S was having an experience with her “French Connection”. She is working with an agent in France who likes her children’s books. She is going over the art and text and giving her consent about it. The contract seems emminent.

SK is having B go over her book before she submits it to a publisher she met at the Pennwriters conference. She talked about how hard it was to write a query letter for it. Depending on how you looked at it the antagonists and protagonists were interchangeable. Her book is science fiction/fantasy with lots of elves and magic. We all decided that the environment could also be a protagonist and could also cause conflict.

D is writing about her grandmother and has submitted it to people to read. She was quiet for the most part. She showed us her alumni magazine of George Mason where she was highlighted as being published. Her book “Born a Refugee” is a story about a Palestinian family and the politics of the times. D lived on the West Bank for eleven years and wrote her dissertation about it.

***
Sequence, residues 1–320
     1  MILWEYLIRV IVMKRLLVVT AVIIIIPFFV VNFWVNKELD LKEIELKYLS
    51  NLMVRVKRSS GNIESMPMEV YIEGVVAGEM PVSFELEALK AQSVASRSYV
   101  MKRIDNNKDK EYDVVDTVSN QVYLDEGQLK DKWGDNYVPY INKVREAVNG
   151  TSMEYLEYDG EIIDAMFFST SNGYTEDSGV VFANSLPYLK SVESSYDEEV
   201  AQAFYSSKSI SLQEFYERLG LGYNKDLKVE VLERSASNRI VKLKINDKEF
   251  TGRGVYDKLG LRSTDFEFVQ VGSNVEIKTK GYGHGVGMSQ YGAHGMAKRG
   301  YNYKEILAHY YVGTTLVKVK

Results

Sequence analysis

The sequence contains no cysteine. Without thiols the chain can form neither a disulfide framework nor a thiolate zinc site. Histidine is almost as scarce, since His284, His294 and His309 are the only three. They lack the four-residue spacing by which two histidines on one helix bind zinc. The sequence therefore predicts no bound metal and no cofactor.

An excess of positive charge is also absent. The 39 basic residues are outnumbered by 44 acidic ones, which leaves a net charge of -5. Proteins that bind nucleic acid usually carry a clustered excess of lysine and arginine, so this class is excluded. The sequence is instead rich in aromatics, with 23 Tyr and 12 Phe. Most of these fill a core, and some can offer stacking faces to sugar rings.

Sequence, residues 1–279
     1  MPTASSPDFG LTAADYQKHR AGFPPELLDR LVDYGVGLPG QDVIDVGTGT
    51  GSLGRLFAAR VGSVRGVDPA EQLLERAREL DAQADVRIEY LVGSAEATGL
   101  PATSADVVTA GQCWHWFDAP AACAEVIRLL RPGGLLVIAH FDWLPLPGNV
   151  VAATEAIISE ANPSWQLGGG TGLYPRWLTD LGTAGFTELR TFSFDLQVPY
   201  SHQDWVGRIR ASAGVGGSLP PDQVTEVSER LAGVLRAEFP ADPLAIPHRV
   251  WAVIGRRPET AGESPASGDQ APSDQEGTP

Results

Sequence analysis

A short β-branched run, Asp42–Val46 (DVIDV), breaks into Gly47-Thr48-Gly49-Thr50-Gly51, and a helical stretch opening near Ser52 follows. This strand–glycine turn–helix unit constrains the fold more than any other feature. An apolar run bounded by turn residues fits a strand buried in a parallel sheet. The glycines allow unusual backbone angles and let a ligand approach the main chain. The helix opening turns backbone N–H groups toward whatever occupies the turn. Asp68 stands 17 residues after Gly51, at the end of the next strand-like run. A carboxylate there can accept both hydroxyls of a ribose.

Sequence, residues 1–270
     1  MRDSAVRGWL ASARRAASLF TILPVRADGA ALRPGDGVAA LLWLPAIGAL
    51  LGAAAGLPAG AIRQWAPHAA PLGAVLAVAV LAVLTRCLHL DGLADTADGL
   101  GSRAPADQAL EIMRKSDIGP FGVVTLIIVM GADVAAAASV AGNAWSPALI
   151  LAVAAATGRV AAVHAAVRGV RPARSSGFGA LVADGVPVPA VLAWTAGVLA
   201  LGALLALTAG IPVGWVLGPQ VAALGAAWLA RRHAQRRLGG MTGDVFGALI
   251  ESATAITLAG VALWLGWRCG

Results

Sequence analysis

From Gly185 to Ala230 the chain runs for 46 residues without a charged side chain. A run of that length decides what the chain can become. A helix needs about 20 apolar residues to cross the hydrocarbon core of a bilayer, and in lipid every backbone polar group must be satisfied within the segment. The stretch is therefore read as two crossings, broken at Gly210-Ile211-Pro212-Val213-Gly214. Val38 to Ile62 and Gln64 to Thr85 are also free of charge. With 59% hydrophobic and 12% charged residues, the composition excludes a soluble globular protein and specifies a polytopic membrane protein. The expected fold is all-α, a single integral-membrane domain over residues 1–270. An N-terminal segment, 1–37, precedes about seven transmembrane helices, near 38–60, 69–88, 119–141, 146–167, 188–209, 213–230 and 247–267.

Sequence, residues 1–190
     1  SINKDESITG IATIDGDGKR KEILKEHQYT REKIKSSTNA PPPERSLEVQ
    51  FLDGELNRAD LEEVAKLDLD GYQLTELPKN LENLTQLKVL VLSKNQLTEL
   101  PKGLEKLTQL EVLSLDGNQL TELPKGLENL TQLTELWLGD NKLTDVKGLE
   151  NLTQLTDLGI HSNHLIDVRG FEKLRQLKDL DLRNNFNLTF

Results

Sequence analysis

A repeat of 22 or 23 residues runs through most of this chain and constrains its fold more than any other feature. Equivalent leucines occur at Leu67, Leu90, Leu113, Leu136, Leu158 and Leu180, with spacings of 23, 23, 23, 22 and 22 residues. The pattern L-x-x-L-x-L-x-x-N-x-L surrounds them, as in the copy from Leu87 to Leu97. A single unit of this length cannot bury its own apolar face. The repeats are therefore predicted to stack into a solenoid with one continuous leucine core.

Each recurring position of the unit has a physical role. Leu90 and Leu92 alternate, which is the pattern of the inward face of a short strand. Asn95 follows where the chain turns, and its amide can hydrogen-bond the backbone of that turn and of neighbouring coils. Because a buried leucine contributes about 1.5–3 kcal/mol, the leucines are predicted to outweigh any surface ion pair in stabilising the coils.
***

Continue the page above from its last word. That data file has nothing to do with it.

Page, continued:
As for me, I’m waiting for eTreasures to return my contract with eTreasures Publishing for “Annie’s Special Day.” I had some questions and sent them an email asking for their answers and am waiting for a reply. I asked D to read it because I wanted some other input into it than mine. I have no experience with contracts and hoped D did. He didn’t see any thing to be wary about. He teased me about how if it became a movie I might want more than fifty percent royalties. My children’s book about time and clocks a movie? No way.